Patients who have had cancer in the past are often excluded from clinical trials of these drugs, because they already have an elevated risk for getting the same or another form of cancer again. Doctors may avoid prescribing TNF blockers to these patients for fear of further increasing the risk. With more study in this area, Dr. Mariette says doctors may be comfortable prescribing these drugs to arthritis patients who have been cancer-free for at least five years. “We couldn’t entertain that five years ago,” he says.

Arthur Kavanaugh, MD, a rheumatologist and professor of medicine at the University of California, San Diego, says this latest analysis will not substantially change the way he prescribes TNF blockers for his RA patients.

“I discuss this with patients already. We discuss cancer a lot because it is such an important issue and it is a theoretical consideration with any medications that affect normal immune function,” Dr. Kavanaugh says. “When I discuss it with them, I say that we don’t know if there is an increased risk, but because it is possible, they need to accept the fact that there may be.”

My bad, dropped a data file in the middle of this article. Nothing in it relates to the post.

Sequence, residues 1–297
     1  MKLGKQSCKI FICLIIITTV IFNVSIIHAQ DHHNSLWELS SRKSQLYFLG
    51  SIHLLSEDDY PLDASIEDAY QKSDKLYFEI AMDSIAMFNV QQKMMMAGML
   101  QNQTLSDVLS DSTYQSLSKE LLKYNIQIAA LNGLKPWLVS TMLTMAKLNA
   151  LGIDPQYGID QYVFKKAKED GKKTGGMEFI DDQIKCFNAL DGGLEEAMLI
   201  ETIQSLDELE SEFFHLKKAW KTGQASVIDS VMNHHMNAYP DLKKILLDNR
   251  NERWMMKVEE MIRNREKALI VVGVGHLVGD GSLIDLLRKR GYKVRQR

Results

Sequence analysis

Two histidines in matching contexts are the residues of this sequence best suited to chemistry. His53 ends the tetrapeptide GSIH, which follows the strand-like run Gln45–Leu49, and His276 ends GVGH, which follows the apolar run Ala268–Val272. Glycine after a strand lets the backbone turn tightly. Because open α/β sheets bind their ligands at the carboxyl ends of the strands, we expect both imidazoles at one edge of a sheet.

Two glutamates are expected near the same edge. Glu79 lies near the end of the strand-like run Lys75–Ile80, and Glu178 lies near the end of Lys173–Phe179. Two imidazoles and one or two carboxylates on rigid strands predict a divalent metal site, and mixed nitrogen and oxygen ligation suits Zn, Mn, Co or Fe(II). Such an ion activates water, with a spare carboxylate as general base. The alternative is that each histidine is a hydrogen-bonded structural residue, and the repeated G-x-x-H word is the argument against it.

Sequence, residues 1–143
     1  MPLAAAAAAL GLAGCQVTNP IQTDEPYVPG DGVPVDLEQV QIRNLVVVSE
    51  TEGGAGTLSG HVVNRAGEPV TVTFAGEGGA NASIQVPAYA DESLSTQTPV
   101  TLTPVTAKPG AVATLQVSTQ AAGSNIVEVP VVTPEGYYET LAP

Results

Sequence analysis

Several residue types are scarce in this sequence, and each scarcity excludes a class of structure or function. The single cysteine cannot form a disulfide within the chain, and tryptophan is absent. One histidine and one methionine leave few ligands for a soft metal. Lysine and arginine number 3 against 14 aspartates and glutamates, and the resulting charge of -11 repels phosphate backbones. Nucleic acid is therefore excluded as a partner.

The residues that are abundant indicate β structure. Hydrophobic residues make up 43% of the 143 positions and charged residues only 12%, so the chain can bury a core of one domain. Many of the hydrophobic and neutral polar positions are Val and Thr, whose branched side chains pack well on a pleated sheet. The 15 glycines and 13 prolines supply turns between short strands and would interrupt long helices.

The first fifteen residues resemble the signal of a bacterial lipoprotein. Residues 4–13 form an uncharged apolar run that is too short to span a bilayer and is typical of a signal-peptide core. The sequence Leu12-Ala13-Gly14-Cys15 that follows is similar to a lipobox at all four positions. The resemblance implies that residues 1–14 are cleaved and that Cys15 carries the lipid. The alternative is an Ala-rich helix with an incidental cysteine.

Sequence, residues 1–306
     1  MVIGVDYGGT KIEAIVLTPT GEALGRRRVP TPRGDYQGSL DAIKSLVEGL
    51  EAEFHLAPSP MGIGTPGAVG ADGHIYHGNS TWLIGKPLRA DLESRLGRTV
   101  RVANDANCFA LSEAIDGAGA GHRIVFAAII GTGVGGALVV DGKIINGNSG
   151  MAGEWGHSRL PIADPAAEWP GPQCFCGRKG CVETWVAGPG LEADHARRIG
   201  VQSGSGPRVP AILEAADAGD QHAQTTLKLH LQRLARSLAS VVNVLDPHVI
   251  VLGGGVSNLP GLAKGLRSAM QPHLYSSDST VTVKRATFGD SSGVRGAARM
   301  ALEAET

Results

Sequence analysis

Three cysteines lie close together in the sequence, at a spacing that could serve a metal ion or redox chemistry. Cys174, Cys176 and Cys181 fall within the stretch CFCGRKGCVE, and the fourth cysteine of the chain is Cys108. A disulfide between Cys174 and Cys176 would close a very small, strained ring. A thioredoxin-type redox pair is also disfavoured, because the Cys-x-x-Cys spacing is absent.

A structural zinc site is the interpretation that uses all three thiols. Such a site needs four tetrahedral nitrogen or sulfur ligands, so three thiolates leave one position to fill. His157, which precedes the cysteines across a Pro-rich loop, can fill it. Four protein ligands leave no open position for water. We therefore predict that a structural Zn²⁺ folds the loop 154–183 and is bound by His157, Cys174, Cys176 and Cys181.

He adds, “While data from controlled clinical trials is of great importance, it is not always possible to extrapolate to the broader population. For example, in a clinical trial, patients tend to be scrutinized more regularly and perhaps more thoroughly for safety issues, and as a result, things may be detected at an earlier stage than they may be in the clinic.”

Nevertheless, Dr. Kavanaugh says the additional data may help doctors and patients make informed decisions.

“Safety information is always important,” Dr. Kavanaugh says. “We try to bring as much information as possible, including data from analyses such as these, to the patients, and talk to them about the possibilities. In the end, patients want to know how likely is it that it will happen to them, and of course for an individual person it is not possible to predict.”